I did give a little free time last year. If my homeroom class won the attendance challenge for the week, the school provided them treats. I let them eat their chips, drink their little water bottles, and take ten minutes on those days. Those free minutes posed no threat to the bigger instructional picture. They were tied to a specific performance target.
In my last post, I pushed hard against “free time,” though, and I know I am getting some push-back. Like me, many teachers are probably saying, “But kids aren’t machines!”
They’re not machines. They need breaks. We need breaks. I am 100% in favor of recess. In fact, I am in favor of nap time in the early elementary grades.
The problem with free time can be captured in Ben Stein’s latte effect. If I buy a soy, green tea Frappuccino on my way home from work, I have spend $5. That $5 seems like a relatively small sum of money in return for a delicious drive home. The problem arises when I pull into that drive-through every day. After one September of teaching, I have spent 22 * 5 = $110. Over the course of the school year, I can spend 180 * 5 = $900. Nine-hundred dollars can buy me a plane ticket to Europe, or provide me with hotel fees and show tickets for a long week-end at a nearby Shakespearean festival.
The temptation to give free time at the end of a class period may be strong.
“We did our work! Yeah, you said you liked my project! We need a break!”
By middle school, some children have become great salespeople.
“You look tired, Ms. Q. You have been working really hard. Why don’t you just sit down at your computer and relax. We could all look at some YouTube. We won’t cause any trouble. Yeah, you deserve a break, Ms. Q! Why don’t we look at funny falls? No, soccer! No, whatever Ms. Q wants!”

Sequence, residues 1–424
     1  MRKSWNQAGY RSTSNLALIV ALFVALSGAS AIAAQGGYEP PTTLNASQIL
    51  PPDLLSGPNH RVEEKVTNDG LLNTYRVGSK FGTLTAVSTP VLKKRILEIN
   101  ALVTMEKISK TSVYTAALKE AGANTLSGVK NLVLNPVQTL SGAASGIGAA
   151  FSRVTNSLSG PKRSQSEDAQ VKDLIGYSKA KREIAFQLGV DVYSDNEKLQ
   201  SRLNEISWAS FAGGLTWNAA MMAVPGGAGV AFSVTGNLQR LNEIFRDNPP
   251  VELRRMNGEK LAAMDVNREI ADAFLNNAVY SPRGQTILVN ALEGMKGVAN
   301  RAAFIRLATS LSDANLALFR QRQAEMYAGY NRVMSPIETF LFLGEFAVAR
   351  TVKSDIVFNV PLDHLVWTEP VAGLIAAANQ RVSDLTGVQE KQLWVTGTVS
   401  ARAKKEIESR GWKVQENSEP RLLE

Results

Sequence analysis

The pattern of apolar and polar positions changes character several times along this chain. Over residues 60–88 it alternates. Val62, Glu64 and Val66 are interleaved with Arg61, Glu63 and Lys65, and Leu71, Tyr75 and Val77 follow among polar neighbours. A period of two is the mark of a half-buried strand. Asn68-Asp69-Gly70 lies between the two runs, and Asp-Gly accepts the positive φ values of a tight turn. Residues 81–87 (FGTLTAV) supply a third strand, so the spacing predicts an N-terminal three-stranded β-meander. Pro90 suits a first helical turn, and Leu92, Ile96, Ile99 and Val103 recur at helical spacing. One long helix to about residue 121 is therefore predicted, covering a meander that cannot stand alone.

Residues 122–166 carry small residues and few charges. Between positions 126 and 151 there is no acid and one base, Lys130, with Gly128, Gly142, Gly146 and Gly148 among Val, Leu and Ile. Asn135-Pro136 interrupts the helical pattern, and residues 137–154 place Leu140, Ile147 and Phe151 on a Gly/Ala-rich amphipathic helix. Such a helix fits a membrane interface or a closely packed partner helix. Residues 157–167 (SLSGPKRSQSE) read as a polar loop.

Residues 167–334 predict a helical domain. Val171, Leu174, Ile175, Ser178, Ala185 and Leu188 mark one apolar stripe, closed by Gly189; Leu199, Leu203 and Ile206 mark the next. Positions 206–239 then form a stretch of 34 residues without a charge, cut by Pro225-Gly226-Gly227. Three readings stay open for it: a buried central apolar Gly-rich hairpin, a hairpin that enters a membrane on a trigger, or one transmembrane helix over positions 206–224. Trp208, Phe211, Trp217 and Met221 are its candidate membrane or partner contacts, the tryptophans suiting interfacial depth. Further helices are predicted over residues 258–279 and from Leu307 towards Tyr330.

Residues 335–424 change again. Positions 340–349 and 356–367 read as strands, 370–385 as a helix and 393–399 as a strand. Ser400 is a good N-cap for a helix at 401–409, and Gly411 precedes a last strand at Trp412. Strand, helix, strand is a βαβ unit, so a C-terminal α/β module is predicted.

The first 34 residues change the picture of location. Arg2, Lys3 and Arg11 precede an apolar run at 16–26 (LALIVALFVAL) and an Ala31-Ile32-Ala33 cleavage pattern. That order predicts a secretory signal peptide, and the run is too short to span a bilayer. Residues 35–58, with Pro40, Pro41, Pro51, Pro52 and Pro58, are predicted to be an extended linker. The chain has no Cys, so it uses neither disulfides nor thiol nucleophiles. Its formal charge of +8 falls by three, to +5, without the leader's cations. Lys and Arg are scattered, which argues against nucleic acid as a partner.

Twenty-some solicitous thirteen-year-old adolescents may be looking up front with expressions of compassion and helpfulness. Let us help you find YouTube, those expressions say. You can rest. We will locate that video with skateboarder who ended up in the tree and we can all have some laughs.
After a long day, that video sounds great, but this post again is for the newbies: Don’t give in as a regular practice. Right before Thanksgiving break, when the work’s done, fine. But on any regular day leading into another regular day, that free time request is trouble. Once you give in, the demand for free time will never go away. Once you start making any regular practice of free time, you will lose 5 minutes here, 5 minutes there until by the end of the year, you may have sacrificed — let’s consider those free minutes Frappuccinos — 5 * 180 = 900 minutes or 15 hours of instructional time, or 2 full days.
Do we need breaks? Yes. I suggest crossword puzzles or other word games. Art activities also work great. Hand out construction paper and markers so students can draw the parts of a flower or whatever you are studying. But free time, like lattes, ought to be saved for special occasions.